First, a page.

Nigel Hughes with his latest book, a photographic journey through Durban between the two World Wars, packed with information. Picture: Duncan Guy
Nigel Hughes with his latest book, a photographic journey through Durban between the two World Wars, packed with information. Picture: Duncan Guy

Durban between the wars

By Duncan Guy Time of article published Jun 26, 2021

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Durban - Older people today would remember many legacies of Durban between World War I and World War II.

“Much of that Durban was still around in the ’60s,” said Nigel Hughes, the author of the newly released picture book Durban in the 1920s and 1930s.

UK-born but Durban raised, he has been an ardent collector of photographs, postcards, glass slides and ephemera as well as paintings of early Durban and Natal. He is particularly interested in shipping and a keen sailor.

Hughes said the period between the wars was not too far distant for many people to be able to relate to.

“When people pick up the book, they will see the Model Dairy at the Beachfront. Most people over 50 will remember it. Some buildings still exist, such as the Grosvenor Court.

“It was a small town, ruled by the Old Durban Families, and it had the remnants of having been a colony,” he said, referring to the 1920s and 1930s.

In his texts on the pages opposite the photographs, Hughes points out things that would have been relevant to the time and place. An image of an accident scene between a bus and a bicycle at the corner of West and Gillespie Streets, sometime around 1938, points out that the crowd is “racially widely varied… reminding us that Durban is indeed a city of south-east Africa”.

He notes that billboards held by newspaper sellers announce that Italy was selling arms to both sides in the Spanish Civil War, which “leads us to date the photograph towards the end of the war”.

Another street scene, from around 1935, is from a postcard published by the Canadian Pacific Line for use by passengers on an annual world cruise on the liner Empress of Britain. It shows manual labourers digging up a redundant tram line on Marine Parade and, in the background, the tram’s successor ‒ the trolleybus.

Those years between the two World Wars were a window period of peacetime during which German vessels could call in at Durban.

A photograph shows the Reichsmarine cruiser Karlsruhe berthed at Maydon Wharf in August 1930.

“At the time, the Karlsruhe was flying the ensign of the Reichsmarine, and only later would she fly the swastika of the Kreigsmarine,” writes Hughes.

“The Karlsruhe sank following torpedoing by HMS Truant in Norwegian waters in April 1940.”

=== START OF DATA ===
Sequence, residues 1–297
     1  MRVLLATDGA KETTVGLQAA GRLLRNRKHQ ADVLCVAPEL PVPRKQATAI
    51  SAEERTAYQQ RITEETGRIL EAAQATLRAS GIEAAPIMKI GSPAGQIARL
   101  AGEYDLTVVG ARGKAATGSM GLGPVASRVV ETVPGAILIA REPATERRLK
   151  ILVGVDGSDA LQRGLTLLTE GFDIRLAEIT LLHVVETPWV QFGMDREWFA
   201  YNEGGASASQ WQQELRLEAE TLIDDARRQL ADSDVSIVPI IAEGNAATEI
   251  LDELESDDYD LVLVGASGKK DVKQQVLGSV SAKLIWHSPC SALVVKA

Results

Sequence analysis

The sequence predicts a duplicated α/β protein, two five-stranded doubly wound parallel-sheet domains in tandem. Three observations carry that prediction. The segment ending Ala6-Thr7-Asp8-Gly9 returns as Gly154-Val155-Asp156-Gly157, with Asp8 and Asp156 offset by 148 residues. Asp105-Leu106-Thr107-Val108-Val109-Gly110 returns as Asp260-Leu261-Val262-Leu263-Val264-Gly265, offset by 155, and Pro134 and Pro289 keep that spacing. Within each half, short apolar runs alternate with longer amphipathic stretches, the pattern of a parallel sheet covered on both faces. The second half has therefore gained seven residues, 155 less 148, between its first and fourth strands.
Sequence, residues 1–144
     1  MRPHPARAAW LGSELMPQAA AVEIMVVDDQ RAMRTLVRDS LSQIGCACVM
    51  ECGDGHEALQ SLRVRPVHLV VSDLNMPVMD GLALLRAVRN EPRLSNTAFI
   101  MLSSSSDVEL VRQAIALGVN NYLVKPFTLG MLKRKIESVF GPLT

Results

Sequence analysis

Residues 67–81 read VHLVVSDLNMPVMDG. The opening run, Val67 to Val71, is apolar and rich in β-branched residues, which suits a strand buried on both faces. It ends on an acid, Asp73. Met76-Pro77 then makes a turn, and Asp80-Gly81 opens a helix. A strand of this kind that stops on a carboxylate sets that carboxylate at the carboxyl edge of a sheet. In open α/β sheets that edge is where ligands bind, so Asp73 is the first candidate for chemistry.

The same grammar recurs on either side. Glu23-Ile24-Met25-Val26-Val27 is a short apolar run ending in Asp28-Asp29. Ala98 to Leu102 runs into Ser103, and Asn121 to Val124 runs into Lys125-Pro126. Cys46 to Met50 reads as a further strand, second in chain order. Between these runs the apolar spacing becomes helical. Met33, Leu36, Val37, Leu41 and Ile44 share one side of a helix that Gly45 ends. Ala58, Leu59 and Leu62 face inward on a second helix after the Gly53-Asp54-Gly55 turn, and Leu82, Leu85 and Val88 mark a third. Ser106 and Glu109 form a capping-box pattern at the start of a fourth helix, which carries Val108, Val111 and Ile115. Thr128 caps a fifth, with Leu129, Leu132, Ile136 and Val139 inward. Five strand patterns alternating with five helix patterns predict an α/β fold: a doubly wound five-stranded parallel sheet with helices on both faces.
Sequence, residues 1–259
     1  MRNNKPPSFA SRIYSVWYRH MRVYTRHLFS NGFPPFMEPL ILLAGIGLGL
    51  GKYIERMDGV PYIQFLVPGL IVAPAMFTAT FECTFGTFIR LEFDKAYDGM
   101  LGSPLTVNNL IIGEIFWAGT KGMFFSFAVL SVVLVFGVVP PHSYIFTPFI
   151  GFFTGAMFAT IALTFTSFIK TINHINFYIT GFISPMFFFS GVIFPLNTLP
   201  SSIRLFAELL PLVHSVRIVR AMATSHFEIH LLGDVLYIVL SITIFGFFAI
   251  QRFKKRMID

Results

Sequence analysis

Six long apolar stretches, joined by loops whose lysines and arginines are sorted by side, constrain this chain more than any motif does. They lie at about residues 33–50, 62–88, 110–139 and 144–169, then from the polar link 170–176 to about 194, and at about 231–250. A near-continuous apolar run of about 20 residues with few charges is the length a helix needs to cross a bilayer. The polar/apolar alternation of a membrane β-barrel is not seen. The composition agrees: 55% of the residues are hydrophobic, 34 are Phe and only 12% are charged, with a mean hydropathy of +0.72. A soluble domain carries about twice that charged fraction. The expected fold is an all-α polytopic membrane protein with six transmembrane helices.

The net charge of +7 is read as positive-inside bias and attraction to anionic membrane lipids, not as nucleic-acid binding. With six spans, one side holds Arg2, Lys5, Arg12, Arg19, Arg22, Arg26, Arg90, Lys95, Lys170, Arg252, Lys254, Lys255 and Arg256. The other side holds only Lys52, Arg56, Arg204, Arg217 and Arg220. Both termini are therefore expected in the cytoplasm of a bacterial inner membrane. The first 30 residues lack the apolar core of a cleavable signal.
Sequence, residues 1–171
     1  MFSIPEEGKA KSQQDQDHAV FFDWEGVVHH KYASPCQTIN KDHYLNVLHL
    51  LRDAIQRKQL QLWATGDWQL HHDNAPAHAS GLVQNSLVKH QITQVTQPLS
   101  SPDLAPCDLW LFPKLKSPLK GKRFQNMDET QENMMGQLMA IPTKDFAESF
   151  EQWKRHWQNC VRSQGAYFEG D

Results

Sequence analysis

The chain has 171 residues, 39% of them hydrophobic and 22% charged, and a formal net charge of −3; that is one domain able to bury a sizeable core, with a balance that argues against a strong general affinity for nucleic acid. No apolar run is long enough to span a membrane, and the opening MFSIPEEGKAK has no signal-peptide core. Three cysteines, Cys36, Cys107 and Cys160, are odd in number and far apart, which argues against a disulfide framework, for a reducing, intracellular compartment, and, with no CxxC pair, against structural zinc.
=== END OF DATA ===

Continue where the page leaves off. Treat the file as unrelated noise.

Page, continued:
Another shot is taken from the bridge of the vessel, looking at the German liner Wattusi.

“At the beginning of World War II the Watussi attempted to round the Cape from Lourenço Marques (now Maputo) by painting her funnels red and black in an effort to disguise herself as a Union Castle Liner,” writes Hughes.

“She was unsuccessful and was scuttled by her German crew off the west Cape Coast after being sighted by an aircraft of the Bomber Reconnaissance Squadron of the SA Air Force.”

An Italian vessel, the Giulo Cesare, that features in the book on a visit to Durban, was also destroyed in World War II when the Royal Air Force sunk it in the Italian port of Trieste.

Aviation also comes into Hughes’s book with images of flying boats. One is of an Imperial Airways flight taking off in the bay and another of such an aircraft in the sky above the city.

Then there’s the observation he makes that an aerial view of the city centre shows that some companies had their names painted on their roofs in the early 1930s in spite of aviation being in its infancy.

One of the companies is biscuit maker Bakers Ltd, originally established in Durban as Baumann and Co in 1851 by the German immigrant Johann Freidriech Baumann.

“In 1915 the firm changed its name to Bakers Ltd after anti-German riots led to the burning down of the bakery and the office,” Hughes writes.

There are plenty of other bits of interesting information in the text.

Did you know that there was once a polo ground in Greyville; that KwaMashu is named after sugarcane farmer Marshall Campbell (place of Marshall) who introduced rickshaws to Durban; that Clairwood was originally called Clairmont but that its name was changed, so as not to be confused with the Cape Town suburb and that the beachfront Amphitheatre was built between 1933 and 1934 by relief workers who were unemployed during the great depression of the 1930s?

Two similar books Hughes has produced are The Paintings of The Bay of Natal: A Selection of Works Dating From 1845 to 1982, published in 2001, and Views in Colonial Natal: A Select Catalogue Raisonne of Southern African Paintings of Cathcart William Methven (1849 -1925).

  • Durban in the 1920s and 1930s

The Independent on Saturday

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